Up to £300,000,  no Stamp Duty Land Tax is payable.  For acquisitions over £300,000 and up to £500,000, Stamp Duty Land Tax is payable at 5% on the surplus over £300,000.

The relief must be claimed on a land transaction return using code 32 in the appropriate field of the return.

Helping first-time buyers!

 

In an attempt to help first-time buyers get on the property ladder and stimulate the housing market the chancellor announced that for property purchases completed on or after 22 November 2017 there would be no SDLT payable if the purchase price is below £300,000.

This will be a permanent measure rather than a temporary holiday. Those claiming the relief will pay no SDLT on the first £300,000 of the consideration and 5% on any remainder. No relief will be available where the total consideration is more than £500,000. It should be noted that where a property is bought in joint names it must be the first property owned by all purchasers.

 

Transferring property and VAT implications

For example… A client’s company runs a garage and car showroom from a property it bought five years ago for £300,000 + VAT. We had checked at the time that the seller had opted to tax so we were satisfied that it was correct to be charged VAT, and the client recovered the input tax. The director has been reviewing his pension arrangements and would like to transfer the property into his SIPP. What are the VAT implications if he does this?

When the building was bought by the company there was an option to tax in place, made by the seller. A point that is often misunderstood is that an option to tax does not transfer across with the property and therefore, in the client’s hands, supplies of the property would be exempt. However, if the company were to sell the property to the SIPP exempt this would lead to an unwelcome outcome.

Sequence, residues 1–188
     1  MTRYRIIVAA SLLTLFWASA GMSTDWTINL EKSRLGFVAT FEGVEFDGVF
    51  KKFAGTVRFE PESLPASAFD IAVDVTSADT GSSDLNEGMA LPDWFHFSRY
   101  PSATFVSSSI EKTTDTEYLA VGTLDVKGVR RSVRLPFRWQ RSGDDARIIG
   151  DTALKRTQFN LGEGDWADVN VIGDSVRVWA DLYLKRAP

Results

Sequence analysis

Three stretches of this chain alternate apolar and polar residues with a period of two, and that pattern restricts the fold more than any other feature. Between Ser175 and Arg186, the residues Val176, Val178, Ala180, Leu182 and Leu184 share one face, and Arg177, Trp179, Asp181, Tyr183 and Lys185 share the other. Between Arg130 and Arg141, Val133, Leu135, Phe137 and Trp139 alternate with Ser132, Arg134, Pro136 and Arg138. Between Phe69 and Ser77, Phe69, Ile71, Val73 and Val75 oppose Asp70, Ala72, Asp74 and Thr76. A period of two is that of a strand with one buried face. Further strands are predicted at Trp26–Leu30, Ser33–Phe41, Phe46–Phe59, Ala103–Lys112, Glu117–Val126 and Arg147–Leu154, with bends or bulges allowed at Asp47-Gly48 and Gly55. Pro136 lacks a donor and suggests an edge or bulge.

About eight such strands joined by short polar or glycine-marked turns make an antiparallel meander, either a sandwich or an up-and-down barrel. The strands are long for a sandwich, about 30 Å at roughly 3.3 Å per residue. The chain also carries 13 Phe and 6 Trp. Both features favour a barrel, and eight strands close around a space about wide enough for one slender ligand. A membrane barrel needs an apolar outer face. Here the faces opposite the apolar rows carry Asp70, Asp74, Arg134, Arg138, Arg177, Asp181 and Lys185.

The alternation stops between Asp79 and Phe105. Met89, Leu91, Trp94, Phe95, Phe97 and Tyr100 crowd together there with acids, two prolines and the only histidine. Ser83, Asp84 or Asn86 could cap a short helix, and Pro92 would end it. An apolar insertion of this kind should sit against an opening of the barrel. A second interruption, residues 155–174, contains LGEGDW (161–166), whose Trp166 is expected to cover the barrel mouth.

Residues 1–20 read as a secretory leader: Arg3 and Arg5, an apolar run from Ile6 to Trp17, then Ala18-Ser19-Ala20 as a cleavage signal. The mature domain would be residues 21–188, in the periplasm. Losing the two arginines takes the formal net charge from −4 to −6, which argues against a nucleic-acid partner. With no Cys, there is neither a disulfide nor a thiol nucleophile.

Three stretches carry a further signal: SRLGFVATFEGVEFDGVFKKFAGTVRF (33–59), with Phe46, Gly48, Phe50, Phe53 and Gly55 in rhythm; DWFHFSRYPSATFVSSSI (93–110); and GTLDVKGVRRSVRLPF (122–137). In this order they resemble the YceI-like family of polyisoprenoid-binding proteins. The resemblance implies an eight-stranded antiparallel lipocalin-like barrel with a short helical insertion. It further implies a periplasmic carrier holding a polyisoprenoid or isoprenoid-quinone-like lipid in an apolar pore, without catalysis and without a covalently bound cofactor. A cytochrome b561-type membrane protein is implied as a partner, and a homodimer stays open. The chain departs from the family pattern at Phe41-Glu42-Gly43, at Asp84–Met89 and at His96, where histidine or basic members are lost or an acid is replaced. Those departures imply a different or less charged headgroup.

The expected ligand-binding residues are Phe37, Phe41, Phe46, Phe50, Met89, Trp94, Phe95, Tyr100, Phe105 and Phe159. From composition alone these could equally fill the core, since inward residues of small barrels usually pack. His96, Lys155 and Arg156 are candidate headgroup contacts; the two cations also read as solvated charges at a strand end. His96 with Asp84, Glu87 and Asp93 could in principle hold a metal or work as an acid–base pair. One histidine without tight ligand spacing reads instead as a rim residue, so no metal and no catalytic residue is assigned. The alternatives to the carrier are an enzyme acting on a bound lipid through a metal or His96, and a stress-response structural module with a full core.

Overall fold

As the company occupied the building to make taxable supplies as a garage and car dealer it was entitled to recover the VAT of £60,000 on the purchase; there was no need to make an option to tax at this stage.  However, unknowingly, it has a VAT issue known as the Capital Goods Scheme (CGS) to consider, meaning that the use of the property has to be monitored for ten years, and adjustments made if the balance between taxable and exempt use alters.

The CGS applies to capital expenditure on an interest in land or buildings with a value of £250,000 or more (exclusive of VAT) which was subject to VAT at the standard or reduced rate.  It also applies to alterations, extensions and annexes to buildings, and to capital expenditure on services, and goods affixed to the building in the course of refurbishing or fitting out a building. Detailed guidance on the CGS can be found in Notice 706/2.

Adjustments under the CGS would be triggered if the sale to the pension fund were now an exempt supply; meaning, for your client, a potential repayment of 40-50% of the VAT already recovered (because the remaining complete years of the ten year term would all be considered to be for exempt use).

The solution is for the client’s company to make its own option to tax on the property by completing a VAT1614A to notify HMRC before selling to the SIPP in order to make the property a taxable supply. This means that VAT will be charged on the sale, as well as ensuring there is no liability to repay any input tax.

If the SIPP intends to let the property back to the company for a commercial rent it should ensure that it too is VAT registered with its own option to tax in place prior to its purchase as there is another common pitfall to avoid.  There is no pre-registration input tax recovery on a CGS item, meaning that if it were to be incurred prior to the SIPP registering it would need to be claimed by the SIPP over the ten years of the CGS.

Just on a topical note, the Office of Tax Simplification in its recent report suggested that the threshold for the CGS could be increased, as it has been set at its current level since the inception of the scheme in 1990 and property values have risen significantly since then bringing far more into the CGS scope. Whether HMRC act on this remains to be seen.